Natural Science, Environmental Science; Environmental Science, Environmental technology
Identifiers
URN: urn:nbn:se:lnu:diva-25300ISBN: 978-91-97427-28-2 (print)OAI: oai:DiVA.org:lnu-25300DiVA: diva2:615675
Public defence
2013-05-23, Fullriggaren (B135), Barlastgatan 11, 392 31, Kalmar, 09:30 (English)
Opponent
Supervisors
Available from: 2013-05-23 Created: 2013-04-11 Last updated: 2014-03-05Bibliographically approved
List of papers
1. Wastewater generated during cleaning/washing procedures in a wood-floor industry: toxicity on the microalgae Desmodesmus subspicatus
Open this publication in new window or tab >>Wastewater generated during cleaning/washing procedures in a wood-floor industry: toxicity on the microalgae Desmodesmus subspicatus
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2012 (English)In: Environmental technology, ISSN 0959-3330, E-ISSN 1479-487X, Vol. 33, no 21, 2439-2446 p.Article in journal (Refereed) Published
Abstract [en]

In industries based on dry processes, such as wood floor and wood furniture manufacture, wastewater is mainly generated after cleaning of surfaces, storage tanks and machinery. Owing to the small volumes, onsite treatment options and potential environmental risks posed to aquatic ecosystems due to discharge of these wastewaters are seldom investigated. In the present study, the effects of cleaning wastewater streams generated at two wood floor production lines on Desmodesmus subspicatus were investigated. The microalgae was exposed to different wastewater concentrations (100, 50, 25, 12.5 and 6.25% v:v) and the algae growth evaluation was based on in vivo chlorophyll fluorescence, cell density, cell size (number of cells/colony) and cell ratio (length/width). Inhibitory effects of the tested wastewaters on the microalgae were positively related to concentration and negatively related to exposure time. The EC50,24 h of blade cleaning wastewater (BCW) and floor cleaning wastewater (FCW) were 3.36 and 5.87% (v:v), respectively. No negative effect on cell colony formation was caused by BCW, whereas an increase of 90% unicellular cells was observed in FCW concentrations below 50% (v:v). At the lowest concentration (3.13% v:v) where no growth inhibition was observed, both wastewater streams caused changes in cell dimensions by increasing cell length and width. To conclude, wastewaters generated during cleaning procedures in the wood floor industries can have severe environmental impacts on aquatic organisms, even after high dilution. Therefore, these wastewaters must be treated before being discharged into water bodies.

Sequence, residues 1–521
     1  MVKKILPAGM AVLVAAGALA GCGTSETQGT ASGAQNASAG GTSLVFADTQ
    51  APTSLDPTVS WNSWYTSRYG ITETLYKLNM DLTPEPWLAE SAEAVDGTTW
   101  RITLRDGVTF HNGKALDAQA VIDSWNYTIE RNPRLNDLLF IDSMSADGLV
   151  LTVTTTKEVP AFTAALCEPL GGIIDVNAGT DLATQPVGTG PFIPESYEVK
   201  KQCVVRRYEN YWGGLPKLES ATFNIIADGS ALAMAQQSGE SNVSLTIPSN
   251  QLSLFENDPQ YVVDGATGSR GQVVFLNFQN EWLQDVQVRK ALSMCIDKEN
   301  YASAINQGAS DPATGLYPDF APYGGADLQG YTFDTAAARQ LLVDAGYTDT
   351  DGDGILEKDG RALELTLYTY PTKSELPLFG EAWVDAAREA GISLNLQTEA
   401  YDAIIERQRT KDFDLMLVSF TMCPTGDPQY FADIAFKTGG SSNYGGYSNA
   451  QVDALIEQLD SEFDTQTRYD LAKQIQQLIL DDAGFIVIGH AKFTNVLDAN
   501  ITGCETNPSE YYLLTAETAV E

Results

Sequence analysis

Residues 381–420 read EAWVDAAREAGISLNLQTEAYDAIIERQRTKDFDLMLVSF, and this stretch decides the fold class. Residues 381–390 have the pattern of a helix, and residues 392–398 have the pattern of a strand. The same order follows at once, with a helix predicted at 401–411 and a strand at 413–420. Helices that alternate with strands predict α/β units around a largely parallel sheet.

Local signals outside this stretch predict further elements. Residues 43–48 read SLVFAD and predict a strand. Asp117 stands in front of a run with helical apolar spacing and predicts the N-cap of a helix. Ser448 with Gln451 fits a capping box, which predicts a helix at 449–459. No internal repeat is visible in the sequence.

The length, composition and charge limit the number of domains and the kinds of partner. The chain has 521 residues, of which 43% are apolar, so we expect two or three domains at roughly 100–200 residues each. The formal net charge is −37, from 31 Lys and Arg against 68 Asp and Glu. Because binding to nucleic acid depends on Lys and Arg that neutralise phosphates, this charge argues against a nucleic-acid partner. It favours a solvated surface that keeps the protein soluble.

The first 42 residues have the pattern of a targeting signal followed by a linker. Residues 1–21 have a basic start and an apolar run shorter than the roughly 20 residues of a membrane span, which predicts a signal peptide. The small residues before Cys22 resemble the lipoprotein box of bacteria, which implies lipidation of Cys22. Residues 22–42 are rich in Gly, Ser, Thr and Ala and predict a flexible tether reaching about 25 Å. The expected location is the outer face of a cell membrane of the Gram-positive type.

Keyword
growth inhibition, Desmodesmus subspicatus, colony sizes, induced unicellular cell, wood industry
National Category
Environmental Sciences
Research subject
Natural Science, Environmental Science
Identifiers
urn:nbn:se:lnu:diva-23106 (URN)10.1080/09593330.2012.671853 (DOI)000311120000009 ()2-s2.0-84871073383 (Scopus ID)
External cooperation:
Available from: 2012-12-20 Created: 2012-12-20 Last updated: 2017-12-06Bibliographically approved
2. Removal of Organic Pollutants from Wastewater Using Wood Fly Ash as a Low-Cost Sorbent
Open this publication in new window or tab >>Removal of Organic Pollutants from Wastewater Using Wood Fly Ash as a Low-Cost Sorbent
2010 (English)In: CLEAN - Soil, Air, Water, ISSN 1863-0650, E-ISSN 1863-0669, Vol. 38, no 11, 1055-1061 p.Article in journal (Refereed) Published
Abstract [en]